NASA's Terra satellite sees birth of Tropical Storm Vongfong in Western Pacific

October 03, 2014

NASA's Terra satellite spotted the birth of Tropical Storm Vongfong in the Northwestern Pacific Ocean on Oct. 3. Vongfong is the nineteenth tropical storm of the Northwestern Pacific typhoon season.

The MODIS or Moderate Resolution Imaging Spectroradiometer instrument that flies aboard NASA's Terra satellite captured a visible image of Tropical Storm Vongfong on Oct. 3 at 00:30 UTC (Oct. 2 at 8:30 p.m. EDT). At the time of the image, the center of Tropical Storm Vongfong was located just to the northeast of Pohnpei, one of four states in the Federated States of Micronesia. The image showed that Pohnpei was covered by Vongfong's southwestern quadrant.

Forecasters at the Joint Typhoon Warning Center noted that animated enhanced infrared satellite imagery showed fragmented bands of thunderstorms wrapping into the slowly-consolidating low-level circulation center. There was also a weak eye feature seen in microwave satellite imagery.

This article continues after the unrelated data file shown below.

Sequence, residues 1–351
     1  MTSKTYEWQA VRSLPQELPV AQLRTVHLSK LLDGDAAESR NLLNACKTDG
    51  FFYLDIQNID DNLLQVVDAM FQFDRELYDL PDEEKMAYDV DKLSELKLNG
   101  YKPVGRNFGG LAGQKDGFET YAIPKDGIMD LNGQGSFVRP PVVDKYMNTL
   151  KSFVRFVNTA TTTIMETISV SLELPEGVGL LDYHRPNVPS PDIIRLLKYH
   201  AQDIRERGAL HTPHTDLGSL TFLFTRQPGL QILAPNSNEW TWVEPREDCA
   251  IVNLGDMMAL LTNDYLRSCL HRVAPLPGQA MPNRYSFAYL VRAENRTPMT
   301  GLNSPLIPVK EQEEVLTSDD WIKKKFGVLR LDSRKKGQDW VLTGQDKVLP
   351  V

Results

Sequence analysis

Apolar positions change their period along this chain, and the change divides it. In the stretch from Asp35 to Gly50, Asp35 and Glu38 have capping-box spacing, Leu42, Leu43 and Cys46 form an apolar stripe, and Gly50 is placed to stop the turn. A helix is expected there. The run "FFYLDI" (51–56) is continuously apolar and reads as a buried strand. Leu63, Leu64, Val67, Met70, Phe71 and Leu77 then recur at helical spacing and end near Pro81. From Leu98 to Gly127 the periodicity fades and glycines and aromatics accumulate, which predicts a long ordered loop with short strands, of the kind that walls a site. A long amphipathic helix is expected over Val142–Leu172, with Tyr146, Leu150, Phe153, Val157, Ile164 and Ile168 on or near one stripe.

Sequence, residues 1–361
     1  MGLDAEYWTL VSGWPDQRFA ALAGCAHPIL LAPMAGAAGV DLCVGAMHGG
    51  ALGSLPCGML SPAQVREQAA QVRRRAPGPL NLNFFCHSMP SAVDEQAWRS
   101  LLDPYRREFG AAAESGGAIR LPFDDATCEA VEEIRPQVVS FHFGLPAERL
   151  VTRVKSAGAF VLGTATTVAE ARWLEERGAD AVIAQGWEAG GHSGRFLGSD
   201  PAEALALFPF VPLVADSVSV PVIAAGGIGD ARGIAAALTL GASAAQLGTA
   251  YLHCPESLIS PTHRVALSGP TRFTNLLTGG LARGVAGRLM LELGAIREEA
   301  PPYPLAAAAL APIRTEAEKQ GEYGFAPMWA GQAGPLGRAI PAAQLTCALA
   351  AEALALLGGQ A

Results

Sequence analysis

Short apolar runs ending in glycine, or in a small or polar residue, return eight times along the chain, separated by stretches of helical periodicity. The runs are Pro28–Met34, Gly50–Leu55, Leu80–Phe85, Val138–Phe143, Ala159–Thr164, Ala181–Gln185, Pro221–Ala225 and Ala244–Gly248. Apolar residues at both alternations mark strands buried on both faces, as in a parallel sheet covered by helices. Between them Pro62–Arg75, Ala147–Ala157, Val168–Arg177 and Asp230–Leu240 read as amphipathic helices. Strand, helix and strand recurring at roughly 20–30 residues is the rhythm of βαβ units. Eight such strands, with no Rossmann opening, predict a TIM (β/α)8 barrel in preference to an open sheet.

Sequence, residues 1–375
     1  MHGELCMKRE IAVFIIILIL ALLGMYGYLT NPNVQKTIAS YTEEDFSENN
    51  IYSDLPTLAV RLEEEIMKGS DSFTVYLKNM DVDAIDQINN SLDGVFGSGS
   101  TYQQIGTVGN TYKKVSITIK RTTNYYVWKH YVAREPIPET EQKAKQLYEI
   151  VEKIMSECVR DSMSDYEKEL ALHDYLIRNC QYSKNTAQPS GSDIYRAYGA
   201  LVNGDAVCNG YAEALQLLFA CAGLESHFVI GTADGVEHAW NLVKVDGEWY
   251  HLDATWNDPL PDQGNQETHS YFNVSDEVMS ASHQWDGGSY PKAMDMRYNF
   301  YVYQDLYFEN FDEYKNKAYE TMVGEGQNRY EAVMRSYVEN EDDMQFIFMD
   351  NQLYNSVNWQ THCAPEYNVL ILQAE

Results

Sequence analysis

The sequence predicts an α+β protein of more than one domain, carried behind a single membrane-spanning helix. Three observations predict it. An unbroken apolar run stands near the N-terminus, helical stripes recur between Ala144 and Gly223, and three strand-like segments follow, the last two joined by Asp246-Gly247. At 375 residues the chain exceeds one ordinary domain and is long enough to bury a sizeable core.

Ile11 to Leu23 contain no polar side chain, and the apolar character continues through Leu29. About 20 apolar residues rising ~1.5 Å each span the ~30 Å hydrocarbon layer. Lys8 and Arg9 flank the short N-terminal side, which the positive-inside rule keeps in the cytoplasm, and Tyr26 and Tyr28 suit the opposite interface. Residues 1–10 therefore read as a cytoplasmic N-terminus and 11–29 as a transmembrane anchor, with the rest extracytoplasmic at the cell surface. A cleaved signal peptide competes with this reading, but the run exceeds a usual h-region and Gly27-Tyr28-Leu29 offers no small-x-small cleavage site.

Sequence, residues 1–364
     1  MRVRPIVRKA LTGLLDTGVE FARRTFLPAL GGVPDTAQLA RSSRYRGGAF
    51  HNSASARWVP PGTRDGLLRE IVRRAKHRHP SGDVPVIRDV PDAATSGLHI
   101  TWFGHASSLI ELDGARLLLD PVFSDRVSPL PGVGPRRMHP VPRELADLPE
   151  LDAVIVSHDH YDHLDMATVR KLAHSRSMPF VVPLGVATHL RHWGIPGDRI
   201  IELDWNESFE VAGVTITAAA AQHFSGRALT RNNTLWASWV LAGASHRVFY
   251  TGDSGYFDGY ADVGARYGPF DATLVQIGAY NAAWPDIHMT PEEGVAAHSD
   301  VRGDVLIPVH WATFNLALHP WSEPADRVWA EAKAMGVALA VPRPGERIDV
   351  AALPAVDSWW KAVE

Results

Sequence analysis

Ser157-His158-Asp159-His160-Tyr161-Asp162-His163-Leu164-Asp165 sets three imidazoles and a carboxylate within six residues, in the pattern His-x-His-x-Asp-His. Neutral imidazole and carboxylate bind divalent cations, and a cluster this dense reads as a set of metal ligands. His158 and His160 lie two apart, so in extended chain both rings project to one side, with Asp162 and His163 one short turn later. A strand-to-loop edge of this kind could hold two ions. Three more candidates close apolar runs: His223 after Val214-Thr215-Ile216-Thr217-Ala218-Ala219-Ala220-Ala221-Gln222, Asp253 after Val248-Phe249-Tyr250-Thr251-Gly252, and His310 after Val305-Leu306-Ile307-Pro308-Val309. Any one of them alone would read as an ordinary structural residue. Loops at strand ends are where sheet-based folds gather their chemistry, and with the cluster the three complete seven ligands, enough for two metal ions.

On Oct. 3 at 1500 (11 a.m. EDT) Tropical Storm Vongfong had maximum sustained winds near 40 knots (46 mph/74 kph) At that time, Vongfong's center was near 9.1 north latitude and 157.0 east longitude. The center of Tropical Storm Vongfong was located about 786 nautical miles (904 miles/1,456 km) east-southeast of Saipan. Vongfang had tracked west-northwestward at 11 knots (12.6 mph /20.3 kph).

Vongfong is expected to continue moving west-northwestward through Micronesia, toward the northern Marianas islands. The Joint Typhoon Warning Center expects Vongfong to gradually intensify to a typhoon as it moves north of Guam on Oct. 6.
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NASA/Goddard Space Flight Center

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